The Lightning has money problems.
It's not that new owner Jeff Vinik can't pay the bills, but expensive, long-term player contracts to which the team is committed have it in a bind.
Free agency begins Thursday, and Tampa Bay needs a No. 1 goaltender, a puck-moving defenseman and a top-six wing. But it is hamstrung by $139.525 million it owes five players whose contracts run a combined 28 years, a remnant of the previous ownership group.
"Realistically, it limits you," general manager Steve Yzerman said.
Add that center Steven Stamkos and defenseman Victor Hedman are in for substantial salary increases when their entry-level contracts expire in one and two years, respectively. And add a proposed contract extension for wing Marty St. Louis, and Yzerman said he likely will take a cautious approach to free agency.
"To pay a huge premium on July 1, we're not in a position to do that," he said.
"We have more flexibility in shorter-term deals to keep us competitive, to make us more competitive for a year or two going out. But we have to be prepared with some of the contracts we have coming up with some of our younger guys."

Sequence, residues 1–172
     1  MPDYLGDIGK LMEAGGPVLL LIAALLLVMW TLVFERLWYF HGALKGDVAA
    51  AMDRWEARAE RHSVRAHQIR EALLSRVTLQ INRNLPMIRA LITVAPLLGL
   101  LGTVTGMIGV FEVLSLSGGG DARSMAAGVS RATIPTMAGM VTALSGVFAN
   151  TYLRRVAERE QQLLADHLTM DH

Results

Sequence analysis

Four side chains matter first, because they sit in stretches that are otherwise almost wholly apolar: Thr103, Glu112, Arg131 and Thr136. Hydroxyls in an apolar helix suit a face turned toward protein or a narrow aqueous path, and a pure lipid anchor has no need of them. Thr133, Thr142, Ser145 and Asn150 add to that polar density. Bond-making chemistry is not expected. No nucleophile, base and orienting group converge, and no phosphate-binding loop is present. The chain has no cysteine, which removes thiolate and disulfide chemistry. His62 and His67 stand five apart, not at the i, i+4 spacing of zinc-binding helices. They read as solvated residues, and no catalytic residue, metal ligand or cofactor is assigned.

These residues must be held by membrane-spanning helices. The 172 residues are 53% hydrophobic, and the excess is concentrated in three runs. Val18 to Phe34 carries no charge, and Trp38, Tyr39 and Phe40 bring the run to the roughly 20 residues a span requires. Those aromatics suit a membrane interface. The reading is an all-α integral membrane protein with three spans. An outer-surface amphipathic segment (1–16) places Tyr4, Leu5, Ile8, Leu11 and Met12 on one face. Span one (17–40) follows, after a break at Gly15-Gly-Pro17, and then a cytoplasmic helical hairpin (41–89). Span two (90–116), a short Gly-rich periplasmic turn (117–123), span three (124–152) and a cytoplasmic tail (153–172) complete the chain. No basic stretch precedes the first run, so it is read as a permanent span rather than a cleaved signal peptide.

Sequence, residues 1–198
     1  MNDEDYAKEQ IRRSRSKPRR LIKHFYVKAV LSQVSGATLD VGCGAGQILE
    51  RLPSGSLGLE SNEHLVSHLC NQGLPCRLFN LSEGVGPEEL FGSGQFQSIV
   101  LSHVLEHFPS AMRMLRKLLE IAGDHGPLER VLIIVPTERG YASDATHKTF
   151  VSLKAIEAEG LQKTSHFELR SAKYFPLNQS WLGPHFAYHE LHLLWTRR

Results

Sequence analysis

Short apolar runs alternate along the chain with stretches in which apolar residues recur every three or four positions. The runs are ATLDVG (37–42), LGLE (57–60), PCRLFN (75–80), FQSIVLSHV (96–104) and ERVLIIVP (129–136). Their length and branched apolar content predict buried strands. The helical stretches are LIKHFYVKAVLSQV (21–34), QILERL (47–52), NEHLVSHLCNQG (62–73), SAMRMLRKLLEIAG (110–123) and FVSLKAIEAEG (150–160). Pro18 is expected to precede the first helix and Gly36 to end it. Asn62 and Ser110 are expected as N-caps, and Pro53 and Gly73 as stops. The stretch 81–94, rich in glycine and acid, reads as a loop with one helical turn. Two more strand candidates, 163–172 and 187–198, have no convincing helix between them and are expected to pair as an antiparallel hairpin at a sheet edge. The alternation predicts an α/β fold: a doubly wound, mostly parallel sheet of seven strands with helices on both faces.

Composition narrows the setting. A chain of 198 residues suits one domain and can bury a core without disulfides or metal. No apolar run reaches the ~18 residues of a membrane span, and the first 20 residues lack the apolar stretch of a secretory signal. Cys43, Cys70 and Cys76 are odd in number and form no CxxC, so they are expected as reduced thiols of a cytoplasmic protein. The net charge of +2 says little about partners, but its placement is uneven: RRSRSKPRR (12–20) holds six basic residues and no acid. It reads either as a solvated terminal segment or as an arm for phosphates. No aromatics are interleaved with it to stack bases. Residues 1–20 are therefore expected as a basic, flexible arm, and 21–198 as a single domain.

The long-term commitments to forwards Vinny Lecavalier and Ryan Malone, and defensemen Mattias Ohlund, Andrej Meszaros and Matt Walker were signed the past two years under former owners Oren Koules and Len Barrie and former general manager Brian Lawton.
Each player underachieved, and Yzerman said he plans next season to evaluate the cost effectiveness of all players and their contracts to see if they fit in.
Assume added scrutiny for the most expensive deals.
"I don't want to just sit here and do nothing for the next year and evaluate," Yzerman said. "At the same time, there are decisions I have to make. I have to keep in mind that core group, that we have to keep commitments to them going forward and keep the (salary cap) space open."
"It's a tough puzzle," Red Wings assistant general manager Jim Nill said. "But that's where you have to have patience. You have to give yourself a year to kind of work through it.
"The big decision is, who are your core guys? If they're not the right guys, then you have to move them, and that's not easy to do."
Especially, Penguins general manager Ray Shero said, when extended, expensive contracts are involved:
"I like shorter contracts. You've got entry-level guys making entry-level salaries who are going to jump into their second contracts at a higher level. You have to plan for that, and that flexibility helps you move bodies. It's harder to move contracts."
What will Yzerman do during free agency? It's tough to tell, as there is no word on how close his budget for player salaries will come to the $59.4 million cap for next season.
"We have to be careful with any contract," he said.
"I want to try to improve the team every year. That's my job. But I'm not going to do anything in the short term that jeopardizes what we have to do two, three, four years down the road."
When Yzerman hopes the money problems are solved.
Damian Cristodero can be reached at email@example.com.